There is theater that entertains, theater that makes you think, theater that touches the heart and stirs the soul, and every now and then, there’s a work of theater that achieves all of that, and in a way no other art form can.
Such an occurrence is incredibly rare, but it’s happening right now at Farmers Alley in their production of “The Curious Incident of the Dog in the Night-time.”
Based on Mark Haddon’s best-selling 2003 novel, to see this production of Simon Stephens’ adaptation is a heightened experience of reading the excellent book. Part murder mystery, part coming-of-age tale, it’s a radically creative exploration of empathy that tells the story of Christopher Boone, a brilliant teenager who attends a school for those with special needs, and his sleuthing through the discovery that a neighbor dog he loved has been murdered.
His specialness or difference is never named, though he doesn’t like to touch or be touched or make eye contact, metaphors and matters of speech make no sense to him, he must learn how to read emotion on faces, he despises the colors yellow and brown, he decides what kind of mood to be in based on the number and type of cars he sees, and when he experiences intolerable sensory overload, he catalogues prime numbers and otherwise does geometry in his head to calm himself down.
It’s a marvelous tale that invites the reader into the experience of what it’s like to be Christopher, perhaps what it might be like to be on the autism spectrum; however, as a work of live theater, particularly in the hands of Director J. Scott Lapp and the extraordinary cast and crew at Farmers Alley, it literally places the audience in Christopher’s world so they must experience it from his perspective. And what an amazing world it is.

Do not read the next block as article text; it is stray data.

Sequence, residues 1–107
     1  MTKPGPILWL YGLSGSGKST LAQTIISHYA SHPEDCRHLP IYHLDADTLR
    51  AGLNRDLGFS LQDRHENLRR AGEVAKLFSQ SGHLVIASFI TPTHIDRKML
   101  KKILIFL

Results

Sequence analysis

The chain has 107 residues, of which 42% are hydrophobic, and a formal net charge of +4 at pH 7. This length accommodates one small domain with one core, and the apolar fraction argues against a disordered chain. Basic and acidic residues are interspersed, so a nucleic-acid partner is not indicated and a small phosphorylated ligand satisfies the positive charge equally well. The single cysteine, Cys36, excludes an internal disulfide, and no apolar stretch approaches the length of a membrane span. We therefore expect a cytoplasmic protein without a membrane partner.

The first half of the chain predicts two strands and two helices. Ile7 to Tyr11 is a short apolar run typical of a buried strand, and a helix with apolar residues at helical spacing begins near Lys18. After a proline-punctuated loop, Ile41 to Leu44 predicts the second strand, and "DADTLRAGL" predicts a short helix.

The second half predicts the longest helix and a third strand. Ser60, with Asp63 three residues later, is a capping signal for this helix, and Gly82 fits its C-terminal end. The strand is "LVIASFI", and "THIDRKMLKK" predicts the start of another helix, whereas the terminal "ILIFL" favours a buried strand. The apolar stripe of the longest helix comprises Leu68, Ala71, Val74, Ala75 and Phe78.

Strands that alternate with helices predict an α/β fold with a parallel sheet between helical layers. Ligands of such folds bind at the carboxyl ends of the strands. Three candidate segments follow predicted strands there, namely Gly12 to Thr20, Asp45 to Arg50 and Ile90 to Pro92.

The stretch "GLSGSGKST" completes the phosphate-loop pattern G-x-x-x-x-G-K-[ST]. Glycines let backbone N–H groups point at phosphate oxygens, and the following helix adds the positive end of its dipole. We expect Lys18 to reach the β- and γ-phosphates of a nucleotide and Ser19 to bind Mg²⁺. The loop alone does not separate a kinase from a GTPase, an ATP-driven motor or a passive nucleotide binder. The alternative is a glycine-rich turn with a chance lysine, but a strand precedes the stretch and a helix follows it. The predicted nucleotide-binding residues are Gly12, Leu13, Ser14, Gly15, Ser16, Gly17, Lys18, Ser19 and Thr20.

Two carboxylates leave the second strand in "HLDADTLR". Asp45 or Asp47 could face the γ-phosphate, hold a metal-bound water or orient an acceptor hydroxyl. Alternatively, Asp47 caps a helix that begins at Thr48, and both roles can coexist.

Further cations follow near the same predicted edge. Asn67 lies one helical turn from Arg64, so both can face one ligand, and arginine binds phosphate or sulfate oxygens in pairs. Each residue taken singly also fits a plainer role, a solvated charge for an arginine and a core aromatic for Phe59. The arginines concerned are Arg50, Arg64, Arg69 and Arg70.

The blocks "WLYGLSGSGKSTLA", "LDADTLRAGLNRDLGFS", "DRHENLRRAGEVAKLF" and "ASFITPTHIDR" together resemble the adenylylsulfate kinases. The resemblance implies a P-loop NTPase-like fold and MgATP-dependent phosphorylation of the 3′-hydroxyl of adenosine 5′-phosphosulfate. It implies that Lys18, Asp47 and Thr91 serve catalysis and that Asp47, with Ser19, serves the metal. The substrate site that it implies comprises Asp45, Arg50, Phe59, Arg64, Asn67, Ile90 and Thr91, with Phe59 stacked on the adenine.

The world — one in which Christopher makes more sense than the confusing circumstances he must navigate — is created through tremendously imaginative staging. Designed by Justin Thomas, a raised false thrust stage like a catwalk surrounded on either side with benches made of cubbies (and other clever nooks and crannies) creates malleable space where actors play infinite roles and astonishing props (Savannah Draper) emerge. It transforms the space with the central narrative of the book Christopher is writing about exploring, the curious incident of the dead dog, and allows shifts in time to scenes from the past and fantasies and reveries. It even transforms the way Christopher experiences conversations and events, aided by Jason Frink’s lighting design and Justin Thomas’s projections, as well as sound by Alex Tobin and original compositions by Antonio L. Mitchell II.
We see the writing on the wall of his mother’s letters, get drawn into his imagined future as an astronaut as the theater becomes a planetarium, find ourselves terrifyingly caught on train tracks while retrieving Christopher’s beloved pet rat, Toby, and feel the terror and joy of a long past day at the beach. Through utter sensory immersion, Christopher’s adventures, his overwhelm, his delights, become ours.
This is also because it’s impossible not to become completely entranced by Troy Hussmann’s splendid, dynamic, wildly physically demanding, and endearing portrayal of Christopher. With rapid speech and intricate gestures, he transports us into Christopher’s phenomenal world and inspires a terrific array of emotional responses. A brilliant fight scene choreographed by Chelsea Nicole Lapp gives way to but one of many heart-wrenchingly tender moments with Jeremy Koch whose understated portrayal of Christopher’s tormented father is beautifully complex and fiercely loving.
All the other actors help build this world that revolves around Christopher with grace and aplomb, particularly Betsy King and Brian Panse, who seamlessly play multiple roles, as well as Tory Matsos as Christopher’s teacher, and Tina Gluschenko as his mother.
Farmers Alley’s production of “The Curious Incident of the Dog in the Night-time” makes good on the transformative power of theater. It is nothing short of a miraculous journey that so richly recreates one particularly misunderstood human experience with such glorious imagination and skill, we who see it are changed, perhaps even improved, for having seen it.
The Curious Incident of the Dog in the Night-time
Farmers Alley Theatre